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Autoethnography

This post is written from a personal experiential point of view, a sort of autoethnography. This is the first of a series of posts highlighting how important dance has been form me, throughout  my life, in all its different phases. However, because the experience is very personal to me (the culture I came from, my personal taste and experiences), you may share or not my opinions. Dance may have been important for you in your life, and if it has, it might be for very different reasons and in different ways. The dance experiences I have had so far have been shaped by the places and cultures in which I have lived in different moments of my life. Different cultures have different perceptions of dance and this must have surely influenced my experiences. It would be interesting to hear from you with regards to your different experiences, so please feel free to contact me if you would like to share your ideas and thoughts.

I have loved dancing since I can remember. It has always been my favourite form of self expression and dancing has always made me happy. It is to do with the joy that comes from moving the body in conjunction with the music. I have also always loved watching every type of dance; however, when it comes to dancing myself, I have my favourite genres, as many of you I suspect also do. I am not a full time professional performer, but dance has a relevant position in my life, as I am currently doing a PhD in dance as a form of cultural heritage.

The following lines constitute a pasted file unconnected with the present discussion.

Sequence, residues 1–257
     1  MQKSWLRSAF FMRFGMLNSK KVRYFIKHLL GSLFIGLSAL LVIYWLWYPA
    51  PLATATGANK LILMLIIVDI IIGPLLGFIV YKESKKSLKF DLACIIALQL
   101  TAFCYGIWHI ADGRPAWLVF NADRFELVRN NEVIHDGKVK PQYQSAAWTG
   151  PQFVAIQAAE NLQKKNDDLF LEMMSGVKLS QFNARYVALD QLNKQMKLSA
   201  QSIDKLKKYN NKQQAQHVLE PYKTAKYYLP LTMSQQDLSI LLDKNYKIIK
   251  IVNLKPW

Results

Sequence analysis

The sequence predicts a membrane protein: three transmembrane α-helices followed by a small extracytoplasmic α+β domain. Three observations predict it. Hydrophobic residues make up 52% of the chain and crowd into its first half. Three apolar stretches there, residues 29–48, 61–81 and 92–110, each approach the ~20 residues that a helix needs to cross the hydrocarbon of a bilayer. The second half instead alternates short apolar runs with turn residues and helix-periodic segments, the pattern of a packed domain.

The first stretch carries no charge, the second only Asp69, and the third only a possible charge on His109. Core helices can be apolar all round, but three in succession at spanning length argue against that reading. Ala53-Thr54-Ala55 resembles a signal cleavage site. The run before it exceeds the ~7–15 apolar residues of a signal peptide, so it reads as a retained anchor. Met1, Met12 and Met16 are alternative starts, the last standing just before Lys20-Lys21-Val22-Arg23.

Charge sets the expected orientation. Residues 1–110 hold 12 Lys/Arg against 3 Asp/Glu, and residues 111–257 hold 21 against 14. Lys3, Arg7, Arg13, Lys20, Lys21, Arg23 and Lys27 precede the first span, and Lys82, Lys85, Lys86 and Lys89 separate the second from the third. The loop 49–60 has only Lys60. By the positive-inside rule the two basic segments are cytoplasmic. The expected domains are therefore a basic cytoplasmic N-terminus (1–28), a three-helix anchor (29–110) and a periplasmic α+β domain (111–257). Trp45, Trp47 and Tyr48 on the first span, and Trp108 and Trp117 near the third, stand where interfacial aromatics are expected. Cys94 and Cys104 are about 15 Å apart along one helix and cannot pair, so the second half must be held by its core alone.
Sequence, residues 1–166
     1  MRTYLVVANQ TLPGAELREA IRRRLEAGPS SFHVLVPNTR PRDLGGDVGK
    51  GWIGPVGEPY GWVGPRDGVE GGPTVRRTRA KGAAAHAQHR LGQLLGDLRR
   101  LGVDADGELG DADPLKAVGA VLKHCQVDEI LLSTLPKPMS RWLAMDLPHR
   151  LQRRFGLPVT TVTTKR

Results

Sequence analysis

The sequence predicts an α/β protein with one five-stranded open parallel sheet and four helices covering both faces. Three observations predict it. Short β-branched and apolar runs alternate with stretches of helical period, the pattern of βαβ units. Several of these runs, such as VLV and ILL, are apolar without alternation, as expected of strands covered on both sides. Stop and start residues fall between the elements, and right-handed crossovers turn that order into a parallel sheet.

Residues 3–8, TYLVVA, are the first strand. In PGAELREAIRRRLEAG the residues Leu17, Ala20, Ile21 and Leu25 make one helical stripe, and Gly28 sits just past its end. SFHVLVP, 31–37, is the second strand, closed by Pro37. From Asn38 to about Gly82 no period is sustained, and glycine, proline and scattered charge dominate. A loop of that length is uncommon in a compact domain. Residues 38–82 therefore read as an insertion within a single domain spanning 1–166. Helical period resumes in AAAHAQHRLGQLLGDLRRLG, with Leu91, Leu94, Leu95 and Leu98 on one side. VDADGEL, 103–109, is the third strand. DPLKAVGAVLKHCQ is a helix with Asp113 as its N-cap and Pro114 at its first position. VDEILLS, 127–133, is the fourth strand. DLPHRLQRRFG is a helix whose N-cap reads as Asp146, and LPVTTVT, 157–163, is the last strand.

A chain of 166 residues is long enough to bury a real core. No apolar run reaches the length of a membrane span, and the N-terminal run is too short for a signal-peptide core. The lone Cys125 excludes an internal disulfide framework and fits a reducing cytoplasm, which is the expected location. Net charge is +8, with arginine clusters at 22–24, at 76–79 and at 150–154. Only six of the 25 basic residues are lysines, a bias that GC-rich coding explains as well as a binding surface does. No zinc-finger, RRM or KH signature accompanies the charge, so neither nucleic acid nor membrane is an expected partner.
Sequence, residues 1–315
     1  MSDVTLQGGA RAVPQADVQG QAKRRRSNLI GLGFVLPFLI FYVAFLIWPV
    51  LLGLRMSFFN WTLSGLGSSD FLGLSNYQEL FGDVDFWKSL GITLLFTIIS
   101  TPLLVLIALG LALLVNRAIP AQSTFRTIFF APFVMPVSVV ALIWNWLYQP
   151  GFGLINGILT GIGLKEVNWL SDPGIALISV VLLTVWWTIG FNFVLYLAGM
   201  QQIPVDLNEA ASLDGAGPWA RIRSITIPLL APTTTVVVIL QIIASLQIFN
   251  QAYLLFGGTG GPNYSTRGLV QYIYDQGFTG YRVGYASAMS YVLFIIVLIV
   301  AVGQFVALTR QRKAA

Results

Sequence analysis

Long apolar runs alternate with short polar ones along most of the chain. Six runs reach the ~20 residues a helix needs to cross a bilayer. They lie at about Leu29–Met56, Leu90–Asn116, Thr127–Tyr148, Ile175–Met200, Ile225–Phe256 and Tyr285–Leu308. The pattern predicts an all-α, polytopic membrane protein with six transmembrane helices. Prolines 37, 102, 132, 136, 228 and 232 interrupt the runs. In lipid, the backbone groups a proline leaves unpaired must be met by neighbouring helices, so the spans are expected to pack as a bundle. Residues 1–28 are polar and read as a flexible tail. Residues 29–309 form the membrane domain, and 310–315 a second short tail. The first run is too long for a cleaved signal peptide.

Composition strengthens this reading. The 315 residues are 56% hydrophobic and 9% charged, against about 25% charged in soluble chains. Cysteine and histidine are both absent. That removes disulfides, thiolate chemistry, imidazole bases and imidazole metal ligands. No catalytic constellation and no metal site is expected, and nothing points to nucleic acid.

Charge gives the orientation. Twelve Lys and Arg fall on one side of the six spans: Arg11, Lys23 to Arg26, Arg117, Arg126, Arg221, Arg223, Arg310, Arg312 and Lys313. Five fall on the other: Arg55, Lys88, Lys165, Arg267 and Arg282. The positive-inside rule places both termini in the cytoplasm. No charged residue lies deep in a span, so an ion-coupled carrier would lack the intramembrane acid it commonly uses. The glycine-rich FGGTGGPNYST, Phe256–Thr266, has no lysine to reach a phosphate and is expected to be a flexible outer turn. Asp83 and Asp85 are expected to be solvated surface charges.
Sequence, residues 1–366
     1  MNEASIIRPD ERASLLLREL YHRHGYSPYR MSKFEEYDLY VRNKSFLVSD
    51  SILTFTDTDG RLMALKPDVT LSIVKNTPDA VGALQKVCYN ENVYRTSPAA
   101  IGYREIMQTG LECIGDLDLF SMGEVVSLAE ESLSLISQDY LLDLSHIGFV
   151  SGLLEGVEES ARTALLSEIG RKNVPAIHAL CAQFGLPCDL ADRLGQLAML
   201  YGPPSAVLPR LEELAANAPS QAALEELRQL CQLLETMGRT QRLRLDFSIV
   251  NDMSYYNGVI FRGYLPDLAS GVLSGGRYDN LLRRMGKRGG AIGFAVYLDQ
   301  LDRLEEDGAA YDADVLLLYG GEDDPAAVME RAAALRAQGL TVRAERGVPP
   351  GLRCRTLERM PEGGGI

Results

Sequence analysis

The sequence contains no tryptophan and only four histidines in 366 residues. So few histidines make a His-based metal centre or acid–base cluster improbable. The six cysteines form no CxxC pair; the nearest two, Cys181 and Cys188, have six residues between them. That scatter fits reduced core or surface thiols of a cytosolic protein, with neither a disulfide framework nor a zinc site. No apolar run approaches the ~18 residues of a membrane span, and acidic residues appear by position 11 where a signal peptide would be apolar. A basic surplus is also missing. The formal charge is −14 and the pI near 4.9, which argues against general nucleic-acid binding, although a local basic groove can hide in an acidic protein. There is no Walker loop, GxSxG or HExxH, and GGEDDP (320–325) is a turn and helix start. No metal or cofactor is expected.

Because I have lived in different places during the course of my life, this autoethnography  will explore the role of dance in different cultures. However, the point of view is from of a Sicilian woman (from Italy) born in the early 1970s. In this first post I will talk about the experience of ballet during my childhood.

Dancing Ballet as a Child in Sicily (Italy) in the 1970s

I do not know how or the exact moment when I first became interested in dance. However, I can say that it was at least from the age of six, from what I can remember. The first dance genre I was attracted to was classical ballet. Maybe because ballet is associated, at least in Western culture, with grace and femininity. Being a girly girl I was always fascinated by things associated with being a girl and ballet for me was the epitome of femininity.  So, at the age of 6, I started going to ballet classes.